1. Bookstooge

    I watched Murder by Death that had a parody of Chan, along with other great detectives. If I liked that, would I probably like the original thing?

    Anything that gets Dix going about woke issues can’t be all bad after all…

    1. Alex Good

      Well, if you like those golden age detectives then I’d recommend it. But the movies themselves are pretty slight and mainly of historical interest today. And parts of them, like the obvious racism, haven’t aged well. I think you mainly have to be a fan of ’30s B-movies generally to be into these.

      1. Alex Good Post author

        You’re going to have to remind me what the fiasco was yesterday. Not liking women fighting, or liking women fighting too much?

      2. Alex Good Post author

        So much for any plans on reviewing women-in-prison movies. And I was so looking forward to revisiting Caged Heat and Reform School Girls.

      3. Over-The-Shoulder

        Afraid you’re going to have to take one for the team there. Yes, there are some masterful women-in-prison films, but, as Charlie would want, you’re going to have to wait it out with some men-in-prison films for a while. Not my decision!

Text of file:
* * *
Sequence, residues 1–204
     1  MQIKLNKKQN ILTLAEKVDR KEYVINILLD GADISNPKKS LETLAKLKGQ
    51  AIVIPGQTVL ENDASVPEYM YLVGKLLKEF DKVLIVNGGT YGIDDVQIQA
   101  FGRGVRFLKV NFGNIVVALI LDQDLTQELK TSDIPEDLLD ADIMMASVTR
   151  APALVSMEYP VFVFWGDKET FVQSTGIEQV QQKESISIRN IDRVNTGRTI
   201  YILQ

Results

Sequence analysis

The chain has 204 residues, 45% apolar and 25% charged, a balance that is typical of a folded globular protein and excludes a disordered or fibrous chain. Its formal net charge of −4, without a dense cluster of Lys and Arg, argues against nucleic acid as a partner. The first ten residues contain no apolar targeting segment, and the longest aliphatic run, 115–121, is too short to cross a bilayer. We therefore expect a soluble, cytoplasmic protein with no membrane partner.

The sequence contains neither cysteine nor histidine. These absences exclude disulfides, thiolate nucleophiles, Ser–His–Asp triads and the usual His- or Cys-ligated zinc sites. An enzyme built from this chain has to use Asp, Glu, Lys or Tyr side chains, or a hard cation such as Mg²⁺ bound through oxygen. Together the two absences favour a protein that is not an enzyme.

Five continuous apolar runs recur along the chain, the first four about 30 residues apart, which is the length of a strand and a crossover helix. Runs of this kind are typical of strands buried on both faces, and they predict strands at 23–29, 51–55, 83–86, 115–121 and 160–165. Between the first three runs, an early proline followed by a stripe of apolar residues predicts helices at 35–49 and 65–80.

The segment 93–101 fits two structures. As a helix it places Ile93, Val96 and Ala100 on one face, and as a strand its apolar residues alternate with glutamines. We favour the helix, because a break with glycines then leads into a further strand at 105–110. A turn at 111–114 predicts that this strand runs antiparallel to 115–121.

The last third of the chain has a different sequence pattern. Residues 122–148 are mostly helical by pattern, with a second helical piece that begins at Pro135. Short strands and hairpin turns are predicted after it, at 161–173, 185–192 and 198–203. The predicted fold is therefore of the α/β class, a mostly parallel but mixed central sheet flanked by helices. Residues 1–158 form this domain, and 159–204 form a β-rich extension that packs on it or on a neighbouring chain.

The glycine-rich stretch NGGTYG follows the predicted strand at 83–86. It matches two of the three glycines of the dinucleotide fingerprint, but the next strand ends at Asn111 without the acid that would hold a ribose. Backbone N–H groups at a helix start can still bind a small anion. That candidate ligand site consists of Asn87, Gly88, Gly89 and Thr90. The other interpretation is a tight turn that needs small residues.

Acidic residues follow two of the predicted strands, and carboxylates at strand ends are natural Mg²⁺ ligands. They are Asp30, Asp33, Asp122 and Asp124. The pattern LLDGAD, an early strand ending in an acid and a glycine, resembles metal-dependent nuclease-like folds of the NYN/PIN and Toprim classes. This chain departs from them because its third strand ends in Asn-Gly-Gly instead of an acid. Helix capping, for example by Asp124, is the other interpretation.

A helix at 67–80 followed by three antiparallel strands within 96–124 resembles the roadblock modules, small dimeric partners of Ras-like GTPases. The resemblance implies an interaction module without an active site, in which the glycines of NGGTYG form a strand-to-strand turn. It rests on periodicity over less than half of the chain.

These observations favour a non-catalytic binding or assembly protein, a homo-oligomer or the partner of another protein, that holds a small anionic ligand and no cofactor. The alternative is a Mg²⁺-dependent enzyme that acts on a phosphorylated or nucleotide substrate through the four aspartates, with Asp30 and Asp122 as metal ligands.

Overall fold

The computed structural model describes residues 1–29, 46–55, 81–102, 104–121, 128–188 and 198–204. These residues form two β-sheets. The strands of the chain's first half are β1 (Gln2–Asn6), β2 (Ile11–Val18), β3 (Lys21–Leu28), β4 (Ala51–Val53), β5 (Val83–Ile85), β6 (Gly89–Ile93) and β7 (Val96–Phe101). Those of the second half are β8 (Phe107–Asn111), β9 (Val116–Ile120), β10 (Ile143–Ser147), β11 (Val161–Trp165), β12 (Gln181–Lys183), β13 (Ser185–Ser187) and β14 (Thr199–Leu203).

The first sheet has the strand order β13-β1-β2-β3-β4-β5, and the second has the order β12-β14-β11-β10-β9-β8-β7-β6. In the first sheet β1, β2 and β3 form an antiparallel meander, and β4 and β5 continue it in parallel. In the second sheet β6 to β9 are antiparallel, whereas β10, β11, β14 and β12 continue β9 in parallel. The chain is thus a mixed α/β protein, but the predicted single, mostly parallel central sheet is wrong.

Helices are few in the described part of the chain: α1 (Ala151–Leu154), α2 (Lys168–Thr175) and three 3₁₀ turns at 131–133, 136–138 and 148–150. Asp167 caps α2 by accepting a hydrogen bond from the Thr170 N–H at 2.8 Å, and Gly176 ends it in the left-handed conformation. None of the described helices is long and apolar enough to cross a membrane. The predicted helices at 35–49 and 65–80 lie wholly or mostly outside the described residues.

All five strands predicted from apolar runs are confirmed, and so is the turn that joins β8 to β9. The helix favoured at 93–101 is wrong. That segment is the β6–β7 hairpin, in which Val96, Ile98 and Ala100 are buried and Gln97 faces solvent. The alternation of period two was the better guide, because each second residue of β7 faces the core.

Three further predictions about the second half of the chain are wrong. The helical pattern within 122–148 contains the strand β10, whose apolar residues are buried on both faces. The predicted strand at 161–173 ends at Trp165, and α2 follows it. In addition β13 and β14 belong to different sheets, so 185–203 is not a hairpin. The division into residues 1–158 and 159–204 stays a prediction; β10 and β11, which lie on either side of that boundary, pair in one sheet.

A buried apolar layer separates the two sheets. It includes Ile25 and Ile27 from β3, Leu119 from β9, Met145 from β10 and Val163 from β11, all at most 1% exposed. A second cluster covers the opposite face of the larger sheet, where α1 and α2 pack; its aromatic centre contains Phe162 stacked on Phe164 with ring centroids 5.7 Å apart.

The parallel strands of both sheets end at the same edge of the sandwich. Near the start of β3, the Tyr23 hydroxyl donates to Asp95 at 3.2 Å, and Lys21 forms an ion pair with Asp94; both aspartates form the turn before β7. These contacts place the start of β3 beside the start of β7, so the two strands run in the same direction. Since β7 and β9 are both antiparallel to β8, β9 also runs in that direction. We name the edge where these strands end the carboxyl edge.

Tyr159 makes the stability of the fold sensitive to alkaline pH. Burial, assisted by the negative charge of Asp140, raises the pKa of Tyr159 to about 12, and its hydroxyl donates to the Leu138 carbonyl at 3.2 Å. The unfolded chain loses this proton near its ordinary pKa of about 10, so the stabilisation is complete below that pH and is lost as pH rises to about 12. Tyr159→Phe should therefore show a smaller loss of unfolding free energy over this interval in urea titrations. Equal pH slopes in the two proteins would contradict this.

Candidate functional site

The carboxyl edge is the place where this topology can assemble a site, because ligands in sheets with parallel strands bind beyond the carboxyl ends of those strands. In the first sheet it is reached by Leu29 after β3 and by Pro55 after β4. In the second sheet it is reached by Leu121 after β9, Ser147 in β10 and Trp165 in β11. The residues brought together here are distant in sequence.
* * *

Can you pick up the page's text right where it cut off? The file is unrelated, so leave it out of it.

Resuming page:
4. Alex Good Post author

        It’s more a question of when I get around to posting notes I’ve already made. The notes for tomorrow’s post were actually written over five years ago. That’s the last time the draft was updated. Some of the Shakespeare posts go back a long way.

      5. Over-The-Shoulder

        Woah. That is impressive. Ok, a few more questions. Number one: how many films do you watch a year? Or, maybe easier, a week? Or even a day? Secondly, how many drafts do you currently have? As in, posts waiting to be published or touched up?

      6. Alex Good Post author

        In a week maybe four. Drafts I’m not sure. Enough to tide me over the slow days, or at least until I decide to shut things down.